I wanted to share a post about the portrait of Adele Bloch-Bauer (#1) from Klimt. The history behind it is fascinating.
The painting: Adele Bloch-Bauer I
The painting is composed of oil paint, silver and gold leaf on canvas. The portrait shows Adele Bloch-Bauer sitting on a golden throne or chair, in front of a golden starry background. Around her neck, she holds a jewelled choker that Kilmt included in another painting “Judith”.
The background and gown contain symbols including triangles, eggs, shapes of eyes and almonds. Also present are decorative motifs with influences of the art of the Byzantine, Egypt, Mycenae and Greece, describing that “the gold is like that in Byzantine mosaics.
The portrait was completed between 1903 and 1907. It is named Adele Bloch-Bauer I as there is another portrait Adele Bloch Bauer II painted in 1912.
He was born in 1862, attended the Vienna School of Arts and Crafts. Klimt worked in Vienna during the Belle Époque. During the 1890s, he was influenced by European avant-garde art. By 1900 he was the preferred portrait painter of the wives of the largely Jewish Viennese bourgeoisie. From 1898, Klimt began to experiment his Byzantine or Golden period, when his works, stylistically influenced by Art Nouveau (Jugenstil).
Only if you have the time, there is a great documentary to watch at the end of this section.
I will try to summarize the whole history in a few paragraphs
Adele Bloch Bauer’s husband, Ferdinand was a rich austrian banker. He commissioned Gustav Klimt to create two portraits of his wife, Adele. The portrait of Adele Bloch-Bauer I was realized in 1908.
In 1923, Adele Bloch-Bauer wrote a will, asking that after the death of his husband to give the Klimt works to the Austrian State Gallery in Vienna. Adele died in 1925 and the portraits were exhibited in a few locations in Europe over the years. In 1937, the golden portrait of Adele was lent for display at the Paris Exposition. And the jewelled chocker was given to Maria Altman on her wedding by Ferdinand. In 1938, following the Austrian invasion from The Nazis (the Anschluss), with the upcoming persecution of the jews, Ferdinand left Austria for Czechoslovakia, Paris and finally Switzerland.
The Nazis used the tax evasion motive to seize all of its estate. Adolf Hitler obtained the Kilmt collection at a reduced price and the Commander-in-Chied of the Luftwaffe, Göring obtained the jewelled chocker for his wife. In 1941, Hitler transferred the paintings to the Belvedere Galerie. The name of the portrait was changed to “Dame in Gold” to remove all reference to its Jewish subject matter.
Ferdinand died in 1945 and left his estate to 3 of his nephews/niece (including Altmann). In 1946, the Austrian state issued an Annulment Act that declared all transactions motivated by Nazi discrimination were void. The Bloch-Bauer family hired a Viennese lawyer, to reclaim stolen artwork. Several works were returned but no Klimt paintings.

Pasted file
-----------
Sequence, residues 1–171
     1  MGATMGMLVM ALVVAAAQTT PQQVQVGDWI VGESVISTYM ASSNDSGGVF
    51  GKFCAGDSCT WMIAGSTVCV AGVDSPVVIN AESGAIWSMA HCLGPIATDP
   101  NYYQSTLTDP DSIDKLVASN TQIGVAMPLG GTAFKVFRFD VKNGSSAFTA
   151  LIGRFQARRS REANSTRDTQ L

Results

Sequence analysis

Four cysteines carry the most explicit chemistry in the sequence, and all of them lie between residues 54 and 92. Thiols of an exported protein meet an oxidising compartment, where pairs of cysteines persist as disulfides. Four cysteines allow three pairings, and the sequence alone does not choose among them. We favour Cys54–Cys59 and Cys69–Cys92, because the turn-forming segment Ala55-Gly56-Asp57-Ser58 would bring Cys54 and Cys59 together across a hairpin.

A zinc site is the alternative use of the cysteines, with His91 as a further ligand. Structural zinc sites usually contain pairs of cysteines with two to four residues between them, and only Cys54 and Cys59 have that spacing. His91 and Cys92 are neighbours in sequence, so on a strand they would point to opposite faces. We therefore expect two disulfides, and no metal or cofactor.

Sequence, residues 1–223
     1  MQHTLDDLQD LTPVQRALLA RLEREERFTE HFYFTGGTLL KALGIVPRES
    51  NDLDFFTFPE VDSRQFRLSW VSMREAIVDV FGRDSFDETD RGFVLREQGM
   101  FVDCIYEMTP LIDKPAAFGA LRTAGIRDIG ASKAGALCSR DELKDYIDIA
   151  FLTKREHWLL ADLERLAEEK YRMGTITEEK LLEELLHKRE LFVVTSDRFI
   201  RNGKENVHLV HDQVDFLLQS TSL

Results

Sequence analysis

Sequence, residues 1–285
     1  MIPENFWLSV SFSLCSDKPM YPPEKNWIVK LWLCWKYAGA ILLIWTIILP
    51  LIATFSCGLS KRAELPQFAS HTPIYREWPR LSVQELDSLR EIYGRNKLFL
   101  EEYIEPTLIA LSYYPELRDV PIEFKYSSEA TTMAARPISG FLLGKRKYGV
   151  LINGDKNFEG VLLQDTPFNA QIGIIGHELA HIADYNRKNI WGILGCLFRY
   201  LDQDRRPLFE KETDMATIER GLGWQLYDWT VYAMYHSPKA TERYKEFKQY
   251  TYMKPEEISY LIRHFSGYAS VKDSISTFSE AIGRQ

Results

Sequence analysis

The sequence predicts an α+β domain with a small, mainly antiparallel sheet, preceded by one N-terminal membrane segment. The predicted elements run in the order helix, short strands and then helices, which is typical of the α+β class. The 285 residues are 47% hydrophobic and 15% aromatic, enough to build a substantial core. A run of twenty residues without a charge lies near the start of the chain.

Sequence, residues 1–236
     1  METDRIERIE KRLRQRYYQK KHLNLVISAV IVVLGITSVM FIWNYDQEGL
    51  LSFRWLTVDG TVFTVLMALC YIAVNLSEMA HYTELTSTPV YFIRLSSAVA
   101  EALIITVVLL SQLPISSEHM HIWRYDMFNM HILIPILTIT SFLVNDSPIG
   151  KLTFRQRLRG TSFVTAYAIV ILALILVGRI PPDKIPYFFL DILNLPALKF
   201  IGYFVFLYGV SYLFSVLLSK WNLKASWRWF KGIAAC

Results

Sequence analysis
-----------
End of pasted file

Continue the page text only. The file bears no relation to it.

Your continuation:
In 1998, the Austrian government introduced the Art Restitution Act, which looked again at the question of art stolen by the Nazis. Altmann, then living in the US, hired a lawyer, Schoenberg to file a claim with the restitution committee for the return of six paintings including Adele Bloch-Bauer I. The committee turned down the request, citing Adele’s will. The committee’s decision recommended that other Klimt drawings and other pieces of artwork that had been held by Ferdinand and Adele and were still at the Galerie Belvedere should be returned, as they fell outside the request of the will.
In March 2000 Altmann filed a civil claim against the Austrian government for the return of the paintings. Altmann and Schoenberg sued the Austrian government and the Galerie Belvedere in the US courts. Over four years of litigation followed as to whether the case could be brought against a sovereign state before it was brought before the Supreme Court. In June 2004, the Supreme Court determined that the paintings had been stolen and that Austria was not immune from a claim from Altmann; the court made no comment on the current ownership of the paintings.
To avoid returning to the courts, arbitration in Austria was agreed upon by both parties, although the Austrians had turned down such a move in 1999. Three arbitrators formed the panel and, in January 2006, they delivered their judgement. They stated that five of the six paintings in question should be returned to the Bloch-Bauer estate, as outlined in Ferdinand’s will. The paintings were exported from Austria in March 2006 and exhibited together at the Los Angeles County Museum of Art from April to June 2006. Altmann then stated that she would not want any private person to buy these paintings. In June 2006 the Portrait of Adele Bloch-Bauer I was sold to Ronald Lauder for $135 million and was placed the work in the Neue Galerie, the New York-based gallery he co-founded. The painting has been on display at the location since.